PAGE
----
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BIM Process whiteboard
BIM Process whiteboard

BIM is most definitely a threat to business


BIM is most definitely a threat to business

[Posted in LinkedIn on November 27, 2014]


Rant over. Lets go back to the basics of BIM from my perspective. I was BIM Manager for Hyder Consulting on London Bridge Station Redevelopment in 2011 / 2012. Costain had just been awarded the project by Network Rail and the team was based in James Forbes House. Over the Christmas period I developed my thoughts on BIM and created the above whiteboard scrawlings. The photo was taken in the first week back in Jan 2012. The whiteboard was developed a little more after this photo. This was me trying to pull together my understanding of BIM and putting it 'out there' for others to see, comment, and understand. It did have some success in that department, not least of all because I noticed that there was the odd visitor, generally after work, when the office was quieter.

Almost three years latter the basic message is still the same. However, recently I was asked by a learned gentleman, how do you get the message across to a wider public. I already write articles for The Journal of the Chartered Institution of Civil Engineering Surveyors. The first of which was published in November 2012 under the title of Is BIM bigger that Latham? Information Flow, Management and Modelling - Part 1 The full text can be read by following the link. That does achieve a wider publication than a whiteboard on a single project and a few individual presentations. However, how many people read their professional Journal?

Perhaps LinkedIn is the answer. It is not as if I am alone in banging on about BIM. There is an ever growing BIM community discussing the issue, and of course there is all of the excellent work being done by the UK Government's BIM Task Group.

Who is listening, and is the message getting through? I recently read a article about BIM and the UK advertising slogan 'It does exactly what it says on the tin'. I thought it was a good article. BIM is definitely not what it says on the tin. It is not just about Buildings. Nor is it just about 3D models. It has a lot to do about information. At one time it was considered all about information, in a similar vain to Location, Location, Location. However, that is not quite true either. So it does not do what it says on the tin. It does so very much more, and has even more potential.

A recent LinkedIn post by [i]intelligentBIM led to a YouTube clip Implementing 5D BIM: a truly disruptive change. Whilst I am not sure about Estimating being an art form, a lot of the rest resonates, and is well worth 7mins of your time. There are a lot of other articles on LinkedIn about BIM. So it is reasonable to think that there is the beginning of a groundswell in BIM take up.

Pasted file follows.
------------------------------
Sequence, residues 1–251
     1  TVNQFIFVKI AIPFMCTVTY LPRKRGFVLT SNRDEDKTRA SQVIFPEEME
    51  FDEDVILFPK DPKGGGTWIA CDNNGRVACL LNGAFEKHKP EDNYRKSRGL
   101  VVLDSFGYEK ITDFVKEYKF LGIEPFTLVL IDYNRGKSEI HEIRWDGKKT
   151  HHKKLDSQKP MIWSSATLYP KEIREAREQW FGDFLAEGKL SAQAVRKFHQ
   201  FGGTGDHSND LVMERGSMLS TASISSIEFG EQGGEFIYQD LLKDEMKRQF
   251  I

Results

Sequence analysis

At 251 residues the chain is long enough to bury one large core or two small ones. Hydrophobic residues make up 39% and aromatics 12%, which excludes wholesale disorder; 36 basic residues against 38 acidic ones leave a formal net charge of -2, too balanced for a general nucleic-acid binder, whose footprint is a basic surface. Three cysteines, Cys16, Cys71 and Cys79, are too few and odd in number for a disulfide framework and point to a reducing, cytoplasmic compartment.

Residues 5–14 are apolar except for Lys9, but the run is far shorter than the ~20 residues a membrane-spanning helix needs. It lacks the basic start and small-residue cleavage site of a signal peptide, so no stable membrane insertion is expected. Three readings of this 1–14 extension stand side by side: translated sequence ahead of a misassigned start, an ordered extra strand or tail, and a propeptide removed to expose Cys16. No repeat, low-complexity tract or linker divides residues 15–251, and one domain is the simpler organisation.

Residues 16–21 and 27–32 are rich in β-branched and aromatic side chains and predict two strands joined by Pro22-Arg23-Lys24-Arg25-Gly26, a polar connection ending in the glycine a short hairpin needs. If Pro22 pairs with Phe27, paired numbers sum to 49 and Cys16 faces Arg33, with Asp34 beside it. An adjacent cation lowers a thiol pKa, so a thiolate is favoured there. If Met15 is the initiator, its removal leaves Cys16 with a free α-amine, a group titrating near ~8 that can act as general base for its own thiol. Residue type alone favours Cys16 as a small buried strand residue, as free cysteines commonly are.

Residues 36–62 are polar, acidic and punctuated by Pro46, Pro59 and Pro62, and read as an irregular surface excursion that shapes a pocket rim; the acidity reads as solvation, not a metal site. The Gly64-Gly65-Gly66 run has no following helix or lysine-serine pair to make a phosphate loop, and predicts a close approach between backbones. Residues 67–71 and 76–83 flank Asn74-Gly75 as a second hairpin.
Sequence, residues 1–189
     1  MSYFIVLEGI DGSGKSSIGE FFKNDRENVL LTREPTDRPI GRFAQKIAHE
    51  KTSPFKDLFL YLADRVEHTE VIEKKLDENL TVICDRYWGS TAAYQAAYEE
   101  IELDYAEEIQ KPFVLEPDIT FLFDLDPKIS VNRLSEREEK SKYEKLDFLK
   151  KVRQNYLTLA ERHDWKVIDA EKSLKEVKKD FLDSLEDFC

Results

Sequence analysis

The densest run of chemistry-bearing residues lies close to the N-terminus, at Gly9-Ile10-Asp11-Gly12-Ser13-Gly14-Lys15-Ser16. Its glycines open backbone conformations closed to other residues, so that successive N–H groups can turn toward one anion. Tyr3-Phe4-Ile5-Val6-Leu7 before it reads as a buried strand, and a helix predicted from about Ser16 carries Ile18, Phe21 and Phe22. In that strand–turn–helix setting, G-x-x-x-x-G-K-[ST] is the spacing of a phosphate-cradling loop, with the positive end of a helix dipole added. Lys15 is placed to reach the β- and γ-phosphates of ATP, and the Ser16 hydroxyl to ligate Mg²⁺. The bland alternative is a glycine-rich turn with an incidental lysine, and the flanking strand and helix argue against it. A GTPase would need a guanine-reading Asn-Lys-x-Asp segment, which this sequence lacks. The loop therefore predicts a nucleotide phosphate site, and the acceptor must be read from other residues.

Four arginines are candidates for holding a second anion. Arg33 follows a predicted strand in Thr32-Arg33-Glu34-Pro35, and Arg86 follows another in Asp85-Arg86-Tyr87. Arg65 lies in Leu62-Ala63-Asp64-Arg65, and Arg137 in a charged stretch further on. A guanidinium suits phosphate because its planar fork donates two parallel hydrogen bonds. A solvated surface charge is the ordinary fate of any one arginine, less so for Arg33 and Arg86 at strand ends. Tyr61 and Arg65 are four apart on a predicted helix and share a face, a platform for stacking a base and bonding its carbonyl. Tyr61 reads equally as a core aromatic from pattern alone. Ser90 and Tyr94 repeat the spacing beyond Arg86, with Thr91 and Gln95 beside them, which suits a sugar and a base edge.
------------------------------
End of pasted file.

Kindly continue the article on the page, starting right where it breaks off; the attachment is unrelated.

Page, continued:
BIM needs to be understood for what it is by a wider audience than BIM experts and that should include senior management. Why should senior management get involved then. BIM is 70% about people, and therefore its implementation is about a cultural change programme. BIM is not just a new process, nor a new piece of software to be bought and taught. Senior management should be interested in any major threat to the business that they manage. It should be part of the core job description. BIM is most definitely a threat to business as we know it. It is a disruptive change. It is part of an knowledge revolution. The threat to a business from BIM is primarily to not know about BIM and how to implement it. The corporate risk manager should be jumping up and down at the board meetings demanding what is being done to reduce the impact of BIM and the knowledge revolution. The shareholders will want to know. How is the business to survive even, if it continues to fail to understand BIM and the ramifications of delaying a proper implementation strategy including a funded and well managed change programme driven from the very top of the business. Communication is key.

All of that before we get into the upcoming skills shortage, the reducing workbank of those companies that fail to embrace BIM, and the loss of additional profit.

Food for thought!

Photos expanded

BIM Process 00032 top

 BIM Process 00032 middle

BIM Process 00032 bottom


Sorry, the hand writing is not very legible, especially towards the bottom. Accordingly, below is a transcript of the bottom image.



>>>          Information Flow          >>>          >>>          >>>>

Asset Register          
Requirements Systems Integration  Objects  Work Packages  Testing & Commissioning  CoBie          
Asset Register           
Standards Structural Analysis  Elements  ITT  Materials Used  


 Lighting Analysis  Resources  Contract  Materials Manuals  
Surveys  Design  Quantities  Progress  As Built Drawing  
Permissions  Interoperability  Sequence  Valuation  As Built Model  
Constraints  Ped Flows  Outputs  Change  Validation  
   Works Information  Costs  Quality  H & S File  
   Specifications  CO2  Issues    


BIM Process 00034

 BIM Process 00035



Additional Reading


PS. If a competitor is saving >10% more than you, and producing a better product with a more usable handover pack, which reduces the clients running costs over the full life of the product, then that is a threat to your business.


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